Richard Levine: That’s exactly right, and Addison and I might think of it a little differently, but for me, part of it was the writing and part of it was getting the casting right because you don’t want to tip it. I really wanted to keep the audience a little off-balance. Is she legit? Is she nice? Is she who she says she is? So that was really important to find an actress who could change on a dime. Ultimately, I loved that character because she’s so evil and I always thought of it as this cross between [Eve Harrington] in “All About Eve” and Iago [in “Othello”]. There was just something satisfying when she just lets her deviousness out and it’s controversial because other women who are sexually harassed need to be taken seriously. In a way, she does them a disservice, but given the context of this particular story, she’s so colorful and unapologetic and I loved that about Addison when she auditioned that she had danger.

Jared Ian Goldman: We wanted to toe the line of Stanley as a professor [as well] commenting on this hyper-sensitive politically correct environment we live in, which is both necessary, but there’s negatives to it. That was fun to weave a needle through and also their dynamic playing a little bit with [how] anybody who watches the movie or reads the book sees the second that Swenson is looking at Angela, think “Oh, I know where this is going to go,” but the twist of who is actually in control of the circumstance is always a surprise to people.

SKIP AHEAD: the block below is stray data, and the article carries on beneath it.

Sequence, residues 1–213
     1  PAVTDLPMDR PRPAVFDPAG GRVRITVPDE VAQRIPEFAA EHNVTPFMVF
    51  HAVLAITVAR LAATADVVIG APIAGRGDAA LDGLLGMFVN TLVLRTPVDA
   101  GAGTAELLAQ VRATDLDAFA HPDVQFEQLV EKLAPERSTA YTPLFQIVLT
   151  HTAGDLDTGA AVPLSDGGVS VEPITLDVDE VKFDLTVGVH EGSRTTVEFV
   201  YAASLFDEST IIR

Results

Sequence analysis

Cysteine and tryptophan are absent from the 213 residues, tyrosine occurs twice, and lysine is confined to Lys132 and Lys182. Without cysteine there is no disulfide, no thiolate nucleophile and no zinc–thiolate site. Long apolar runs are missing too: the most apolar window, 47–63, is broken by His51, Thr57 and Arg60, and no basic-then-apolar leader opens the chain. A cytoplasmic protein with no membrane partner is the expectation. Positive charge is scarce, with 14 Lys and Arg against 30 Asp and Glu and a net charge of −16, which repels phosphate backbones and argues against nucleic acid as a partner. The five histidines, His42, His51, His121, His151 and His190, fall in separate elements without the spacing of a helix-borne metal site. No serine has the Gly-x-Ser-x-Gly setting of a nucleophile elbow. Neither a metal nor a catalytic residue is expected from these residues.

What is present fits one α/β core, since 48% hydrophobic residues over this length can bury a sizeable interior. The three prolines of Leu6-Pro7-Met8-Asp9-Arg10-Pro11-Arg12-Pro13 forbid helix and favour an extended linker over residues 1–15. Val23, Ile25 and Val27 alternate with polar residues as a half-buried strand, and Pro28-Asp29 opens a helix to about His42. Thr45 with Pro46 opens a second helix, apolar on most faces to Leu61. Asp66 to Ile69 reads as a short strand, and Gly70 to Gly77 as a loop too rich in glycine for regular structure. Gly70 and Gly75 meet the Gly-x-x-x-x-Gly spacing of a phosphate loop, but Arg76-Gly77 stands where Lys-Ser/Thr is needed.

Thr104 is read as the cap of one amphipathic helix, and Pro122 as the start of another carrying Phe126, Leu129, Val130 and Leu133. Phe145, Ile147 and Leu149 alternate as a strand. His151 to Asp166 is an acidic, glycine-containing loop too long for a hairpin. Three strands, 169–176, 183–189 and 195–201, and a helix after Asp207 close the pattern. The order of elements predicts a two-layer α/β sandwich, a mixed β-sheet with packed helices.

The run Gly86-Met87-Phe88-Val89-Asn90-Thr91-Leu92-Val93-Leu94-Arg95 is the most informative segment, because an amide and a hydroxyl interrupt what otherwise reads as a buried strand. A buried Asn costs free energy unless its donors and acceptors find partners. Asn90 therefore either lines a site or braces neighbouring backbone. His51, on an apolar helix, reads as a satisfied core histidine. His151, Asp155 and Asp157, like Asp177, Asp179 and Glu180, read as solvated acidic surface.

What was it like to make this movie at this particular time?

Richard Levine: It was interesting and I remember when we were doing the dinner party [at the dean’s house], because the issues brought up in that dinner party are so complex – the validity of Lauren Healey, the gender politics professor saying, “I want these students to feel safe” and then on the other hand, [recognizing] it’s a thin line between how does safety impede critical inquiry. Where do they meet and how do they conflict? Today, this movie, which [I saw] in the screenings that we had, provokes conversation, and even if it’s heated or volatile, I think that that is really valuable. That this movie has that potential excited me.